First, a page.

If the 2014 summer drought has you looking for something new to play for a relatively low price, Chilean developer Ace Games has teamed with Atlus Games in their latest release, Abyss Odyssey. The game combines a few genres together in Chilean lore and boasts a vibrant color palette for the game. So is Abyss Odyssey enough to break you out of the summer drought or should you toss this into the abyss? Once more into the breech, here’s the review.
The first thing to really take away upon playing Abyss Odyssey is the art style of the game. Those going into this game expecting anything that looks generic will be taken away by the beautiful backgrounds and interesting characters. Players go from different types of levels the deeper they get into the game. Going from a colorful garden, to a icy cavern, to a dreary dungeon players. This helps the game from becoming stale, and hazards within the level keep the player on their toes. The vibrant environments and characters are especially highlighted when the game goes into black and white in some sections of the game.
The artistic style of the game fits in very well the story. Abyss Odyssey takes place the Chilean capital city of Santiago under siege of creatures emanating from the dream of a warlock. Players must enter the abyss to descend all the way to the bottom to stop that warlock to take out the threat to the city. Players can play as one of three characters, two of which are unlockable, and if they should die, they get a second chance with a weaker character. With that second chance the player must make it to an altar to revive the main character. Also three different sections of the game can allow players to choose their own way to make it to the bottom of the abyss. Each section has a variety of easy, medium, and hard difficulties, so a player can navigate to try to take the easiest road possible, or try to build up their character by taking the harder routes. Should the player die, they must start all over from the beginning or they can use camp tokens in some levels to start from there. When to use a camp token and how far one can go into the abyss is up to the player. Because the abyss is basically a warlock’s dream, seeing a giant bull shoot lasers out of its eyes is almost the most normal type of enemy you will encounter throughout the game.
Abyss Odyssey is a mixed bag of gameplay. Combining a few elements from other games Abyss Odyssey is a 2-D platformer, an action-adventure, a beat-em-up mixes and in a little RPG elements. Traversing the abyss plays out much like a platformer. Players must avoid hazards around the levels with the right timing or risk losing some health. It isn’t as unforgiving as other games where if you fall in the giant hole of the black fog you’ll die, but it is challenging enough to know, the longer you can keep yourself at full strength (or as close to it as you can be) the better off you’ll be when you encounter a tough enemy or a mini-boss. The combat itself, while not very deep, does take a little time to learn how and when to hit enemies because they tend to dodge or block a lot of attacks. Working on the right timing to make your hits count is a must if you want to advance in the game. Also, finding a more powerful weapon, either from a shopkeeper or in random altars with debuff effects helps out on the journey.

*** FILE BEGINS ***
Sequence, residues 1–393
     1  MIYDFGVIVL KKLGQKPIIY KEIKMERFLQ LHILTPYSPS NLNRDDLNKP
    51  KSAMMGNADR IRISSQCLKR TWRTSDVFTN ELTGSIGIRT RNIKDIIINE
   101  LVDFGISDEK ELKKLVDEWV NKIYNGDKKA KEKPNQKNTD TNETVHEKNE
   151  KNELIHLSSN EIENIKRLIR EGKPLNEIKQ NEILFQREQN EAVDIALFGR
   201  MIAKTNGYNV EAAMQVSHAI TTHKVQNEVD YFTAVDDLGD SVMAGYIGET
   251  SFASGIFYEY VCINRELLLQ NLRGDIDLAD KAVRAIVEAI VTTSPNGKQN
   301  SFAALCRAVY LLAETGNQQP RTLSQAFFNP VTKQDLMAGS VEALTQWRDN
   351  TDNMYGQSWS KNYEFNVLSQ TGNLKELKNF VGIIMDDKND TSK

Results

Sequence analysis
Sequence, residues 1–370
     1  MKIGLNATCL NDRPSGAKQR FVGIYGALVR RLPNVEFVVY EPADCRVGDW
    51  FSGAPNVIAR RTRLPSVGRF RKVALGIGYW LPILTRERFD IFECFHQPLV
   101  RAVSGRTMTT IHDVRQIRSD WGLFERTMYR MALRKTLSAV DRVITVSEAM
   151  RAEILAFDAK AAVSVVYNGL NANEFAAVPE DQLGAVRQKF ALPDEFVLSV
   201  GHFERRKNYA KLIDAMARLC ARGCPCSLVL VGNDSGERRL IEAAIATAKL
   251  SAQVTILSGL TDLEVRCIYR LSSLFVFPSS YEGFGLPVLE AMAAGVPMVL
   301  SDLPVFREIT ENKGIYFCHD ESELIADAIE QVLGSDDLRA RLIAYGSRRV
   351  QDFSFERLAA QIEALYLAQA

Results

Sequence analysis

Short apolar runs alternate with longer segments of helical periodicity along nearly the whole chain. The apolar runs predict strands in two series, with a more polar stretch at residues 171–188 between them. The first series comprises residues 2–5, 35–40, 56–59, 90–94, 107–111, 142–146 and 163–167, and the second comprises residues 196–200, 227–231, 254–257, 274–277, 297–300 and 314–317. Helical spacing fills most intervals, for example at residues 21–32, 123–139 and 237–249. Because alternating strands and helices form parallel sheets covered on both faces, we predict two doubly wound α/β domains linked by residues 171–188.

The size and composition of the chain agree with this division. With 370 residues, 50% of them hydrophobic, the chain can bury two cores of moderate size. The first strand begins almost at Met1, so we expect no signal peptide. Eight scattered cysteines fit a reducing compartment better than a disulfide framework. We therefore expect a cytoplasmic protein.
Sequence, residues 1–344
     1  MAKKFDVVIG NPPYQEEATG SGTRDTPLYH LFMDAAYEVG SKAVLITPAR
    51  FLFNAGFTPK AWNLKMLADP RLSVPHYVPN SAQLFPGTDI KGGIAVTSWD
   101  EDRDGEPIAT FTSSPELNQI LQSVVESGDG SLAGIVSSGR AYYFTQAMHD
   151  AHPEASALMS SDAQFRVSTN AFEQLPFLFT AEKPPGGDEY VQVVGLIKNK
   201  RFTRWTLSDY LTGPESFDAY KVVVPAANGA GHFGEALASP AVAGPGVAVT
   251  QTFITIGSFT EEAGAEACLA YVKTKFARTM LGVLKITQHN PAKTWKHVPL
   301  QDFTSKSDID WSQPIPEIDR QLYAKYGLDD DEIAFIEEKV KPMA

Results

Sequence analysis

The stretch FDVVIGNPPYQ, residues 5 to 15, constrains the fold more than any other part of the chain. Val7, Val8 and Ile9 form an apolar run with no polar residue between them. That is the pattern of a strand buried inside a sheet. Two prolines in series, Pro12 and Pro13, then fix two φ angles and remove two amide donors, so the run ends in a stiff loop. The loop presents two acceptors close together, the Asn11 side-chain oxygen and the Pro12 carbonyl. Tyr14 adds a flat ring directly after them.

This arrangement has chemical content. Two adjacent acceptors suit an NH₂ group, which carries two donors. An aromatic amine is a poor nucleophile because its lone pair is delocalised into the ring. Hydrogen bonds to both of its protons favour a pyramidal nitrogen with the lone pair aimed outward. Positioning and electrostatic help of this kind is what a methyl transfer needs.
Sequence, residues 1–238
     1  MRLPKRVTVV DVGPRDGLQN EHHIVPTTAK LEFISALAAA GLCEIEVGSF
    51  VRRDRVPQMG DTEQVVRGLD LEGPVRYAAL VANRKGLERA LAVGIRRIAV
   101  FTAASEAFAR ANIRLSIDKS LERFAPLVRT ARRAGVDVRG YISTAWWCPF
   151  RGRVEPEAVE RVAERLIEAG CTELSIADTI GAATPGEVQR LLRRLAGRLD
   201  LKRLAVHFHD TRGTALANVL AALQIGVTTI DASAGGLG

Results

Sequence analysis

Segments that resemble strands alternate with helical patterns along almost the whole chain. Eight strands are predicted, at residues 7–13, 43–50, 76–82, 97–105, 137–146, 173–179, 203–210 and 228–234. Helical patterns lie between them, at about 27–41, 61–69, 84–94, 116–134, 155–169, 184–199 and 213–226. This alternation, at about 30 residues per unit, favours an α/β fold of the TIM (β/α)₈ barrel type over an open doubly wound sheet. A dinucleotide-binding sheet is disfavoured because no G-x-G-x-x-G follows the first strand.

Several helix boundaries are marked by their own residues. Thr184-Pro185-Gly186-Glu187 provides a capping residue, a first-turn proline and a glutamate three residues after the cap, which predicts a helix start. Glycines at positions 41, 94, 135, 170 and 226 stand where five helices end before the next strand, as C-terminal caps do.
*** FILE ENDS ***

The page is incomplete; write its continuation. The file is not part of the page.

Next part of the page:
A bull forgets it was once a calf.
A few drawbacks of Abyss Odyssey come in the way of how short the game can be. After building up a character (or even a ton of well timed dodges and blocks) the game can be beaten in around an hour or so. While I’m not opposed to short games, I just wish there was a little more to it than beating the game with a different character and online co-op. Also the “second chance” soldiers make it a very difficult challenge at harder areas of the game. With the simplistic controls and the enemy’s defense, the most players can generally get is a four hit combo. A bit more time could have been used to add a little depth to the main characters’ background, rather than being spawned from the warlock’s dream. It would have been nice to have a motivation for a player to understand why each character wants to stop the warlock from taking over, rather than separating them by a different character model and fighting style.
Most of the issues that hold back the game are only on the surface of the game. Abyss Odyssey is actually quite fun. Though the game might not look all that deep, art style in the game does help add some depth to the game. Fans of platformers would get a kick out of the game for The price point of around $10 also helps make the game worth playing. With the old school type platforming and the additional gameplay elements, Abyss Odyssey is a good enough game to stand up on its own. If you’re looking to break up the monotony of the lack of new releases during the summer months, check out Abyss Odyssee and you too could be pleasantly surprised by this title.
This review is based on the Playstation 3 version of Abyss Odyssey developed by Ace Games and published by Atlus Games.
- Beautiful art style
- Simple but fun
- A variety of old and new
- Combat not very deep
- Game length is too short
- Generic characters